‘East of Eden’ on TCM

I take a look at East of Eden, both the film and the details of the production, for Turner Classic Movies, in anticipation of its February showing during its month of Oscar.

James Dean - the tormented teen
James Dean - the tormented teen

For all the prestige of Steinbeck and fame of Kazan, the big news of East of Eden (1955) was Kazan’s discovery, a young New York actor named James Dean making, for all intents and purposes, his feature debut in the lead role. Kazan had originally hoped to cast Brando as Cal. It was screenwriter Paul Osborn who, after seeing him on Broadway in a small role in The Immoralist, suggested Dean for the part. Kazan was unimpressed with him as an actor but, as he later wrote in his autobiography, “I called Paul and told him this kid actually was Cal in East of Eden; no sense in looking further or ‘reading’ him.” He sent Dean to meet Steinbeck, who “thought Dean a snotty kid. I said that was irrelevant; wasn’t he Cal? John said he sure as hell was, and that was that.”

Elia Kazan had been very active in the Group Theater and the Actor’s Studio, where Dean himself had been training, and was a proponent of the Stanislavsky “Method,” from which the term “method acting” arose. Kazan decided to shy away from Hollywood stars for his young leads and instead cast them out of the Actor’s Studio, most notably Richard Davalos, making his feature debut as the “good” brother Aron, and Julie Harris as Aron’s girlfriend Abra, with whom Cal is in love. She had earned an Oscar® nomination for The Member of the Wedding (1952), her only previous film appearance, and came away with top billing on the film. “Her face was the most compassionate face of any girl I had ever seen, and I stressed it,” he told Michel Ciment in the 1974 interview book Kazan on Kazan. “I contrasted her face and Massey’s, which was a piece of wood.” Raymond Massey, a stage and screen veteran from a more traditional school of acting, was cast as Cal’s father, an almost sanctimonious figure who nonetheless lives up to the letter of his moral convictions, and the contrast in styles helped exaggerate the generational conflict with the looser Method players. Folksinger turned actor Burl Ives was cast as the sheriff, a plainspoken authority figure with a strong sense of justice and a paternal affection for Cal, and Tony Award winner Jo Van Fleet, also from the Actor’s Studio, made her screen debut as Kate, the madam of the local brothel in Monterey. Kazan considered another young student of the Actor’s Studio, Paul Newman, for the role of Aron, and even made a screen test of the two. Newman’s big break, ironically, came playing Rocky Graziano in Somebody Up There Likes Me (1956), a role Dean was set to play before his fatal car wreck.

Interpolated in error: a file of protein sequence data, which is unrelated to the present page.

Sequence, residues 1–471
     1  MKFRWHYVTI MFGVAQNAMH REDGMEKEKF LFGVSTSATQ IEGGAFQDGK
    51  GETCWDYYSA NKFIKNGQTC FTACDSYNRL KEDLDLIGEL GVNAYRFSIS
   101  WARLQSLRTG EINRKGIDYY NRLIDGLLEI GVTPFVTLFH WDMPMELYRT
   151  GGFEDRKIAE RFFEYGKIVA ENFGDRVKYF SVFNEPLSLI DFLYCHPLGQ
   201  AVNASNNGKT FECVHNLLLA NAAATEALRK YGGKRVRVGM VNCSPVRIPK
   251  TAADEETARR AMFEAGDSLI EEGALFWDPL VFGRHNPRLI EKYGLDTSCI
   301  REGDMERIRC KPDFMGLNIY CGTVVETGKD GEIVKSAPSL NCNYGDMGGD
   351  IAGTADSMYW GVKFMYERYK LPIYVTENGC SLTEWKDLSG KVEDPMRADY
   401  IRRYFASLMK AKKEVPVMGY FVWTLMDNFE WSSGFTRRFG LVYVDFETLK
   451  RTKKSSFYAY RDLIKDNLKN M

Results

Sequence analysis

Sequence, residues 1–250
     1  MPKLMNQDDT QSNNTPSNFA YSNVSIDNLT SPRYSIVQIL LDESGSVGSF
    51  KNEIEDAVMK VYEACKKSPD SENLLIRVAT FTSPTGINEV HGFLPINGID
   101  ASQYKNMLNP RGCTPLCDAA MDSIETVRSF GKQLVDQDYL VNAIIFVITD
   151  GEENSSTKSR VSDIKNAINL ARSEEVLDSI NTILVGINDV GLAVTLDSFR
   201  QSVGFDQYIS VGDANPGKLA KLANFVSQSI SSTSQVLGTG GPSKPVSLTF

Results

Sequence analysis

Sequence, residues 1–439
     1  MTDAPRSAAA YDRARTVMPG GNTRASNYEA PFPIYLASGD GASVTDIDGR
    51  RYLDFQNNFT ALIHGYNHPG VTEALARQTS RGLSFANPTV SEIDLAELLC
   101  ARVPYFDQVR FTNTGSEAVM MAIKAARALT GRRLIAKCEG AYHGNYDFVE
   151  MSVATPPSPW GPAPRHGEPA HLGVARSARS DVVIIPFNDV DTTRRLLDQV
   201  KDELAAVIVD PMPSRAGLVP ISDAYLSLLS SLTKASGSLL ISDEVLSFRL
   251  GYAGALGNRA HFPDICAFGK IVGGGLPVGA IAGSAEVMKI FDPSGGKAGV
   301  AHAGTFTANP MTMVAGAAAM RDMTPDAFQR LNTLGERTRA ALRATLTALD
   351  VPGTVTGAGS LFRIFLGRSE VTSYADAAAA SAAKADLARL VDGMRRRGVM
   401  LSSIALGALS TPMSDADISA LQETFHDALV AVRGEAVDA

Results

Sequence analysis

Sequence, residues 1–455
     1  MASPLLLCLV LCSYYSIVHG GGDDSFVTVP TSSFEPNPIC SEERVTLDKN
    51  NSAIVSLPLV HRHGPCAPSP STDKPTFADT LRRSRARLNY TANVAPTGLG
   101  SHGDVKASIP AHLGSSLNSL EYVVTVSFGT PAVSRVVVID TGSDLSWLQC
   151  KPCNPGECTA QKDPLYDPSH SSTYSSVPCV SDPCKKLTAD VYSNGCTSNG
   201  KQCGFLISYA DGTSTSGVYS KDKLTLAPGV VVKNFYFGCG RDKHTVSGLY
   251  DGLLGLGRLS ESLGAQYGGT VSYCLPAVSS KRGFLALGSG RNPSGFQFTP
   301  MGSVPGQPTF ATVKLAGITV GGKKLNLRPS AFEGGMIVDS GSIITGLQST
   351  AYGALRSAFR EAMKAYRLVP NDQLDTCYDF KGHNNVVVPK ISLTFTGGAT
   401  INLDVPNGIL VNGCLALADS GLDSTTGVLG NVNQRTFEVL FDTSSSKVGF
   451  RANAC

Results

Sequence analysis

Yet it is James Dean that everyone remembers. Marlon Brando and Montgomery Clift had helped popularize method acting in Hollywood, but James Dean brought an entirely new and fresh perspective to it. East of Eden is set in 1917 but Dean feels completely modern and contemporary, a boy not quite comfortable in his body. He’s never still, constantly fidgeting or shrugging or pacing. He drops his eyes in uncomfortable moments and slips into giggles when conversations become too personal. In the opening scenes, as he stalks Kate through back alleys to her brothel on the outskirts of town, he runs with his hands jammed into his pockets, as if to stop them from acting on their own. And sure enough, when he takes them out of his pockets while pacing in front of her house, they instinctively pick up a rock and throw it at her window. It’s a strikingly articulate portrait of an inarticulate man-boy; you can practically hear his mind whirring just by observing his body language. In many ways, this is the first take on the troubled teen that he immortalized in Rebel Without a Cause (1955).

Read the complete piece on TCM here.

Author: seanax

I write the weekly newspaper column Stream On Demand and the companion website (www.streamondemandathome.com). I'm a contributing writer for Turner Classic Movies Online, Keyframe, Independent Lens, and Cinephiled, and the editor of Parallax View (www.parallax-view.org).. I've written for The Seattle Post-Intelligencer, The Seattle Weekly, GreenCine.com, Senses of Cinema, Asian Cult Cinema, and Psychotronic Video, among other publications, and I am a contributing editor to Parallax View. I currently live and work in Seattle, Washington, with my two cats, Hammet and Chandler.

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